Volvo Construction Equipment partnered with Waste Management (WM), the California Energy Commission and CALSTART to put its LX1 prototype electric hybrid wheel loader to the test: field test, that is. The company showcased the LX1 at a media event in July at WM's Redwood Landfill in Novato, CA.
Made up of 98% new parts, the LX1 prototype series hybrid has a fundamentally new machine design. It incorporates a driveline that consists of electric-drive motors mounted at the wheels, electric-driven hydraulics, a battery energy storage system, a significantly smaller diesel engine and new machine architecture including a new design of the lifting unit.
Decoupling all of its systems allowed for the physical architecture of the machine to change. “And that’s one of the big points that’s different about this wheel loader vs. the conventional and even some of the hybrid wheel loaders that are on the market today,” Scott Young, Volvo CE’s Director of Electromobility, told media at the event.
The electric motors drive each of the wheels and by having each of those four wheels drive independently, Volvo CE was able to change the frame of the machine.
With its electrically driven hydraulic system, Young explained “we were able to get more efficiency out of each of the subsystems.”
The LX1 prototype features a 3.6-L diesel engine compared to the 13-L on the baseline machine, the Volvo L150 wheel loader. “A machine that would do the work of this machine,” Young said, “it would generally have an 11 or 13 [liter engine].”
The LX1’s wheel hub motors allow the loading unit to be brought back farther into the machine, so that a smaller machine can do the work of a larger machine (one size larger, according to Volvo CE). Decoupling offers flexibility in terms of where things can be placed. “They’re not mechanically coupled together [so] we get modularity,” he explained. “And that modularity we see as something to really scale well not only for the wheel loader, but for other products.”
That higher efficiency offers ease to tune the machine to the operator needs. During field testing, if the operator needed something changed on the machine, Volvo CE engineers could access the software and adjust the machine to operator needs. “So we see a great opportunity in terms of tuning to the customer’s application,” Young said.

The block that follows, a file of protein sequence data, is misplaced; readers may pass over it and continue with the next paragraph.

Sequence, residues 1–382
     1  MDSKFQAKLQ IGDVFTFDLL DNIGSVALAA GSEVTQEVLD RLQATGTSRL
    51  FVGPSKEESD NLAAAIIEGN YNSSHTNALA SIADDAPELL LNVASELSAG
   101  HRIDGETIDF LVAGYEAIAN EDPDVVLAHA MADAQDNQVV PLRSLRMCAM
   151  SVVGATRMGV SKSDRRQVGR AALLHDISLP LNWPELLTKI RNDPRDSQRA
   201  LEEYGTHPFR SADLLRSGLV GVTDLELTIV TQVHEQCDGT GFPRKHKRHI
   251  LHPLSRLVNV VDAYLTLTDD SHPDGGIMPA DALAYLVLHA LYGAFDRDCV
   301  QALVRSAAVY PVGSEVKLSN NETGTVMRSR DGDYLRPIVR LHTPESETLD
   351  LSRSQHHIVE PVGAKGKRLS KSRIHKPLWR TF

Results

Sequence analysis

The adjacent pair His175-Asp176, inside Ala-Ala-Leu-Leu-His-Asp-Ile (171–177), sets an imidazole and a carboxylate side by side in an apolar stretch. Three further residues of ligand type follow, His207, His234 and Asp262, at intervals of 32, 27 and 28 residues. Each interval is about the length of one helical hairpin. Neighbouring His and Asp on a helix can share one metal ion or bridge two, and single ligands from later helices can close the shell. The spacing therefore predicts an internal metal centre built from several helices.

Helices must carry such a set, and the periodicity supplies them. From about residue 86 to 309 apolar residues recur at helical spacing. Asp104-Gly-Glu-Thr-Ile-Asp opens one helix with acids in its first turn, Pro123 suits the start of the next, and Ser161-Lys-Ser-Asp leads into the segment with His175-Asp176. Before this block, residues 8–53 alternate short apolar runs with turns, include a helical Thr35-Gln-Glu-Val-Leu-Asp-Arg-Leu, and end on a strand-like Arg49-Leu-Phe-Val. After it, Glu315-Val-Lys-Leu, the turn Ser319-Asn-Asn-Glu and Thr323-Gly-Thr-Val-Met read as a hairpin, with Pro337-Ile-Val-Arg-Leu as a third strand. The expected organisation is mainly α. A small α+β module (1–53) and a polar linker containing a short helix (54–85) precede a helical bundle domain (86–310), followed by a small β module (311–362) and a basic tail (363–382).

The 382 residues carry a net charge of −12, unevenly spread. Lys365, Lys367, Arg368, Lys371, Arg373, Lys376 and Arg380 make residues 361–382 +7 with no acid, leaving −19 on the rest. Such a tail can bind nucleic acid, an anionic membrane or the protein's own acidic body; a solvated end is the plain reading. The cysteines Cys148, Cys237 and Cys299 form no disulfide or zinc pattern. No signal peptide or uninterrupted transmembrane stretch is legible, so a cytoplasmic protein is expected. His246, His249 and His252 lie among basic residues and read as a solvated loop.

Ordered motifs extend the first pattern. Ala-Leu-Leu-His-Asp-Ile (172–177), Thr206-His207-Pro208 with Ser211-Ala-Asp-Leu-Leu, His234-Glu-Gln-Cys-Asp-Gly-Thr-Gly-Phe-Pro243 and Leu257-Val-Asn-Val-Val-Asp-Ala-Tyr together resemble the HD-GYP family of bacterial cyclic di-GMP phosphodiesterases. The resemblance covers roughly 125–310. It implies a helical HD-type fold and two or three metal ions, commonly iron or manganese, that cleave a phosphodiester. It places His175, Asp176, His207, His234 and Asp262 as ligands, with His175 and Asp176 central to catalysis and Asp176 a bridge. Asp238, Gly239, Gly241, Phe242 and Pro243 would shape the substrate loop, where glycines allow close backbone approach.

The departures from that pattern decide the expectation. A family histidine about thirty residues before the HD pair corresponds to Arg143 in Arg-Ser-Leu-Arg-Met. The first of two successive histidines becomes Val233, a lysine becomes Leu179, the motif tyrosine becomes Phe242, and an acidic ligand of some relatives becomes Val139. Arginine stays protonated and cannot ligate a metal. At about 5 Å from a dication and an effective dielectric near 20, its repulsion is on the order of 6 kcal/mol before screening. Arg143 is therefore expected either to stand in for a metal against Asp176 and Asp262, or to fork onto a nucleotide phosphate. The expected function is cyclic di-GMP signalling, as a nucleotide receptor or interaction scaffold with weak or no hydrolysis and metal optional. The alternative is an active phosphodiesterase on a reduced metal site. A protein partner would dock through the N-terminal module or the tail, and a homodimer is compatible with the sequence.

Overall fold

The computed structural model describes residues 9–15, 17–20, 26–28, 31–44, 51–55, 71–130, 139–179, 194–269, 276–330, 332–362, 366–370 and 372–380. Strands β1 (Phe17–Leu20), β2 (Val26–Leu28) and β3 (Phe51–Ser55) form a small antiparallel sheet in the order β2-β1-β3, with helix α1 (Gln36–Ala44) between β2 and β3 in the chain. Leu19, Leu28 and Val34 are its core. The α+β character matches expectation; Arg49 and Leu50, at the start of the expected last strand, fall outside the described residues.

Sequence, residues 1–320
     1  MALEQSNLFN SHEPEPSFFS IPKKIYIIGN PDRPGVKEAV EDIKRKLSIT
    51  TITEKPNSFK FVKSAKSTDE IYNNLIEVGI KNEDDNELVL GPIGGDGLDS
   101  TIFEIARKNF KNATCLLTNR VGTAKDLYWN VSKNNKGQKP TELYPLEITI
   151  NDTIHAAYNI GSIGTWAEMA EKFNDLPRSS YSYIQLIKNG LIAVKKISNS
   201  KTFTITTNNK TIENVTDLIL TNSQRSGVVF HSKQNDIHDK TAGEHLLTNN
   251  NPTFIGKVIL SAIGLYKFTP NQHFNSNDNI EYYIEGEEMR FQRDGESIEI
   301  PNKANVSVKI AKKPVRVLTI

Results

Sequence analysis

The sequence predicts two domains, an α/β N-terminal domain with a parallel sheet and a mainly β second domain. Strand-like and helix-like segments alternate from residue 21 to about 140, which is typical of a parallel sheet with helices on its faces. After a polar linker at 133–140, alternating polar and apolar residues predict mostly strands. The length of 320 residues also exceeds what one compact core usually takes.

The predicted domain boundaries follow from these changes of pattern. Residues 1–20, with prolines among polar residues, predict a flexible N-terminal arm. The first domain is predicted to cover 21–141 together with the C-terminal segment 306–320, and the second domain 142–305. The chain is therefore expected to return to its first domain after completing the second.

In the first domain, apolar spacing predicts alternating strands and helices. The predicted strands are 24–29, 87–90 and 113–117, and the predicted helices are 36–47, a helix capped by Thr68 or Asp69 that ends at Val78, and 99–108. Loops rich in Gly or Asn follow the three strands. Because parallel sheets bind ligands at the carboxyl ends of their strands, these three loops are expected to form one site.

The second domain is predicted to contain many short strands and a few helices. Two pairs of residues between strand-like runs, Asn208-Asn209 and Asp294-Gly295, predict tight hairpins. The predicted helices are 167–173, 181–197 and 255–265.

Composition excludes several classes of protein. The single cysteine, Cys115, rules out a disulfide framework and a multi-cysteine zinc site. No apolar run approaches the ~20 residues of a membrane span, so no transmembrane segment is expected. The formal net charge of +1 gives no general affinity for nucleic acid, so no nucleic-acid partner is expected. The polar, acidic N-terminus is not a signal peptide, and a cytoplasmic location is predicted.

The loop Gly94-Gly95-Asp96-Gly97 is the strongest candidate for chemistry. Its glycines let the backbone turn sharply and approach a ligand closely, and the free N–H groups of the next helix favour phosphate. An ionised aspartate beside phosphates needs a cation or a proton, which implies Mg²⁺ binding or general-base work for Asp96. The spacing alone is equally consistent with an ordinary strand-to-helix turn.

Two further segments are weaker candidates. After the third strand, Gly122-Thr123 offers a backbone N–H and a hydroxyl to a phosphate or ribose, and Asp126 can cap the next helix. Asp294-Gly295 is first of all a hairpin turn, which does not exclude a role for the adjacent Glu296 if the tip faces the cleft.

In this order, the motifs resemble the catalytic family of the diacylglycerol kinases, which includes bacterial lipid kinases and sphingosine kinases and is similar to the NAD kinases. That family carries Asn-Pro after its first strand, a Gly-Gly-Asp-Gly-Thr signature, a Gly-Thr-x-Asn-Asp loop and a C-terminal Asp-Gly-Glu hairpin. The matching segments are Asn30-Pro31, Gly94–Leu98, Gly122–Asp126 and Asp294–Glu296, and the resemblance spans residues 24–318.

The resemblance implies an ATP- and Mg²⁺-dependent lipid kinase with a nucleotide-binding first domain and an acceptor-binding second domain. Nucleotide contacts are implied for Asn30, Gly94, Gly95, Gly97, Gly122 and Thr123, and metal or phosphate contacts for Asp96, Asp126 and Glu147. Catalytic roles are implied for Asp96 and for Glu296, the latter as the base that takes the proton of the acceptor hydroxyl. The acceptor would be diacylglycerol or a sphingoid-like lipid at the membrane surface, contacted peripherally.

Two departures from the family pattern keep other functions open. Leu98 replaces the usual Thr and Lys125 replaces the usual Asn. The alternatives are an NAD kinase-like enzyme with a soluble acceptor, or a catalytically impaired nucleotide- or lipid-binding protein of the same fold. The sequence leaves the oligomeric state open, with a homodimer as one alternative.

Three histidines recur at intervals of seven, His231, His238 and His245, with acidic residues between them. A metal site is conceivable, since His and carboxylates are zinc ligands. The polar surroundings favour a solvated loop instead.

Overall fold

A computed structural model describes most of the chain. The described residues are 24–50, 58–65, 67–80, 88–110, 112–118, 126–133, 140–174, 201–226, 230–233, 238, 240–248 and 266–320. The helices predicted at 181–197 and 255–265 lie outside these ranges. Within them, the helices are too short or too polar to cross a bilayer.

Collaborating on sustainability
Field testing of the LX1 prototype begin in late 2016. Volvo CE partnered with its customer Waste Management, which carried out the field tests, along with CALSTART, which conducted emission tests on the machine, and the California Energy Commission, which helped fund the LX1 project. Since the end of 2016, the LX1 has performed hundreds of hours of real work in two applications at Waste Management facilities in California.
The target set for this project was a 35% fuel efficiency improvement.
Testing began at the Redwood Landfill and Recycling Center, a green waste composting site in the northern part of California. Both fuel efficiency and greenhouse gas (GHG) emissions tests were conducted at the facility, and the results so far show an average improvement of 50% in fuel efficiency, which is equal to a reduction of 35% in fuel consumption and GHG emissions. The second test site was the Moreno Valley Transfer Station, which is a waste transfer site in southern California. The LX1 achieved an average fuel efficiency improvement of around 45%. Official results were to be provided to the California Energy Commission and CALSTART in September 2017.
In addition, there was a huge reduction in noise pollution compared to its conventional counterparts, according to Volvo CE.
The LX1 was also tested in Sweden and achieved similar results to those at the WM field test sites. In addition to checking the LX1’s efficiency in a real-life application, Volvo CE also sought operator feedback. “It’s fantastic to get this operator feedback to feed our future development projects [to] our engineers in Sweden,” Young said.
According to John Meese, WM’s Senior Director Heavy Equipment, being able to use available new technologies as a company “can improve our services to our end user—our customers—through our operations being enhanced. This was a project we thought would work for us.”
Each of the WM facilities had different needs from the wheel loader. At the Redwood Landfill, “we wanted that machine to be as nimble as possible," Meese said. "The electric drive that this gives us…we go from standing still to max operating, say speed, very, very quickly.”
He explained that Volvo CE was able to tweak the operation of the hydraulics to suit what the operator needed. In Redwood, there is a need for the bucket to fill or go up or dump faster, but that’s not necessary in Moreno; things might need to be slowed down there. “The design capabilities of this loader fit both operations very well with just a few tweakings of the software," Meese said.
The future for hybrid technology at Volvo CE
As far as exploring hybrid technology beyond wheel loaders, Young told Truck & Off-Highway Engineering that Volvo CE sees “an opportunity across all product lines we have today, but we are exploring things specifically in the haulers, excavators and wheel loaders at this time.”
To make hybrids more attractive compared to conventional technology, Volvo CE’s Kent Meyers, Director, Advanced Engineering Projects, said, "probably one of the biggest things is making it cost effective. Take this machine, it’s got a lot of new technology—98% of it is new. But I think getting something like this to a price point that the general population can afford, and is willing to pay for, is going to be one of the key hurdles.”
While it remains to be seen whether the LX1 wheel loader will make it from a research project to production, the enthusiasm about the machine and its future potential was apparent in Novato.